Comments
Janet Bufton

Maybe someone can help me out here. I'm thinking about the fact that what can make data so much more effective (and the same goes for false information) is giving it a narrative. This helps us fit data (or any belief) into an internal mental model—Smith might say a kind of system that we develop to explain the world. One reason that facts _can_ change minds is that they can fail, repeatedly, to fit with our model. So long as we collide with and don't avoid such stubborn facts, we'll be motivated to find a new story that can accommodate them. (Of course, this story doesn't *have* to be true.)

A coherent narrative seems related to, but different from sympathy. But I can't articulate the connection. Does anyone want to give it a shot?

Sarah Skwire

I think that creating a coherent (and persuasive) narrative requires sympathy, because it requires imagining things that are happening in another person's head--both in the story and in the reader/hearer of the narrative. That, as many have argued (including Smith, though I can't find the spot at the moment) is the basis of trade--the ability to imagine how something we don't want might benefit someone else. And Bart Wilson argues (in a forthcoming book) that this kind of imaginative ability to get into other people's heads is also the basis for the human understanding of understanding of property.

You have to know what humans are *like* in order to write a narrative (factual or fictional) that feels real to them. That takes sympathy. We watch kids learn to do it all the time, and we judge the worth of films and novels and so on on their "realism" all the time--even if they're superhero movies.

This is why I think it's really useful when, say, Pete Leeson does things like look at trials by ordeal or wife sales and says, "These seem completely insane, and yet the people who engaged in them were human, like we are, so let's think about the reasons they had for doing so. What's the narrative that makes sense for why *they* thought trials by ordeal or wife sales were sensible?"

It's what's lurking behind Maude Pember Reeves's "Round About A Pound A Week" as well--the question not only of "How do London's working poor spend their money?" but also "WHY do they spend their money as they do?"

Janet Bufton

Ah! OK, this is helpful—I wasn't separating "what makes a mental model/narrative convincing to the person who holds it" from "what makes a narrative convincing to someone else", and those are definitely two different things. Now that I'm not trying to tease the two apart it's obvious that you need sympathy to form a narrative compelling enough to persuade others.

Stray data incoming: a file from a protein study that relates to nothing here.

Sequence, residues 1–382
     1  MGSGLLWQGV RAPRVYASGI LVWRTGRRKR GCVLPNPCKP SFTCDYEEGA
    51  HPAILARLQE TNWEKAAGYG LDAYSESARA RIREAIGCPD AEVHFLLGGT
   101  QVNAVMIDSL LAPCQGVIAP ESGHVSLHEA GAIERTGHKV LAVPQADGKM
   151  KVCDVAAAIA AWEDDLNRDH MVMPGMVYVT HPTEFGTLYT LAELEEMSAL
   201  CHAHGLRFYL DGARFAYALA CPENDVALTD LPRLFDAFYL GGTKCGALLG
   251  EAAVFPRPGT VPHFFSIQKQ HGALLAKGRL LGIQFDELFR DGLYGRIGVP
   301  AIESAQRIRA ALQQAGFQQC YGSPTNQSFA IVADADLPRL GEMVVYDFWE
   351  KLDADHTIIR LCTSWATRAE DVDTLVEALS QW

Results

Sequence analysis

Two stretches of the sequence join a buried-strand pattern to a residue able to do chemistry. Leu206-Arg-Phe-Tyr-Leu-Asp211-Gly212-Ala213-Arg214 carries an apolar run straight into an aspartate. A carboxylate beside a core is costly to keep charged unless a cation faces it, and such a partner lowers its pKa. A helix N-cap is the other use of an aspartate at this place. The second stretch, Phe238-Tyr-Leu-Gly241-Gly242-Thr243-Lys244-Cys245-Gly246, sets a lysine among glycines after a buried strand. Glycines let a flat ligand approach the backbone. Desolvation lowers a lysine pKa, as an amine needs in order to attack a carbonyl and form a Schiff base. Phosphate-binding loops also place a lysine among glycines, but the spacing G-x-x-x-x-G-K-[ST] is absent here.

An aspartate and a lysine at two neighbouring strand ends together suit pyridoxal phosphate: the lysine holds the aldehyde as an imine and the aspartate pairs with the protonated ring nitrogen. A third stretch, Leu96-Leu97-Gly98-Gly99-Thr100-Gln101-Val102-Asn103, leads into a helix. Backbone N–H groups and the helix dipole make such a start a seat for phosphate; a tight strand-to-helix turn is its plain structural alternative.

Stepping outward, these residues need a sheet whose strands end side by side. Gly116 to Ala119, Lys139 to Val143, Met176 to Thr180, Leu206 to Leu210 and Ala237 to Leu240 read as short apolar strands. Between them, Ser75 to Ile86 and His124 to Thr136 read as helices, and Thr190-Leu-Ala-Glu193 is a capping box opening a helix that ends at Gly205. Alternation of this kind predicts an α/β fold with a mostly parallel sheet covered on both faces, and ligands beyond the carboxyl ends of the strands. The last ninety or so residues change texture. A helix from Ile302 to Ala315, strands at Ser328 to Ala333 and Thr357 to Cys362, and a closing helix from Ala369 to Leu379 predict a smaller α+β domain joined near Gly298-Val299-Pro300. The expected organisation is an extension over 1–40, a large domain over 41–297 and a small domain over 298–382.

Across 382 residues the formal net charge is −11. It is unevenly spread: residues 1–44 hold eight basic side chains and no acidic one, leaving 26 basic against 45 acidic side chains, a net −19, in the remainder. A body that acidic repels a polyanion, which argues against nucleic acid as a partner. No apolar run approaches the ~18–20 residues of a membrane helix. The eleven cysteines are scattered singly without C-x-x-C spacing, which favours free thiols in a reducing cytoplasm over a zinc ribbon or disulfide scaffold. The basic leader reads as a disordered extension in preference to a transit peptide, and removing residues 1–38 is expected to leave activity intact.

But even if we are quite skilled at that, I think it's interesting that sometimes even though we can mimic narratives that compel others, we have a hard time seeing why they're compelling. You just have to kind of tell yourself that it compels other people, almost like a matter of taste (or, to hark back to the last salon, love) that you don't share. Knowing how to do that might help us be more persuasive, but it doesn't necessarily help us to be sympathetic. (Though surely it must get us closer.)

Sarah Skwire

Right! This is one reason that other people's reading or musical tastes can be so baffling. My husband loves Steely Dan. Their music makes my teeth itch. That's the subjective value part of this.

But you can say (as the philosopher Loren Lomasky does) "That person loves a thing that I do not understand. I love things that person doesn't understand. We both love things, and this is what makes us human." So that ability to be compelled by things--even if they are very different things--might lie at the root of sympathy. Maybe?

And, like sympathy, we have to practice making compelling narratives until we're good at it. Have you ever had a three-year-old tell you what they dreamed last night?? We are natural crafters of narrative. But we aren't natural crafters of good and compelling and persuasive narrative.

And I imagine it's all the harder when one is worried about being factually correct as well as compelling and persuasive.

Jon Murphy

Fascinating article. I went back and re-read Lecture 13 after reading this. Somehow, I didn't see the connection to TMS before, but now it's really brilliant.

I think this insight also helps me understand more some of Smith's exceptions to liberty discussed in Wealth of Nations, in particular, certain trade restrictions, usury, and banking restrictions. To your question #3 above, these discussions are, largely, devoid of emotion. They're put forth extremely matter-of-factly where conditions necessary are laid out, but there is no emotional appeal. The discussions are very dry and formulaic: "Liberty Principle is a presumption. X might be an exception given Y." End of story. Compare that to the fist-pounding he does on, say, slavery in TMS (281-283) or the balance of trade in WN (488.2 or 456-457).

He might abandon emotion in these areas for purely practical reasons. As he writes in Wealth of Nations, the exceptions to the liberty principle belong to the science of a legislator and not to those guided by whim (WN 468.39). That these exceptions themselves are cold and logical might be why he abandons emotions in favor of logic on these very serious topics.

Sarah Skwire

Jon, I think that's really interesting, especially that you include usury in the list of topics that don't (for Smith) require an emotion laden appeal. That's a huge change from the approach to usury in the Middle Ages. And even in the Renaissance/Reformation where (I argue) thinking on usury is rapidly changing, it's still a very emotional topic.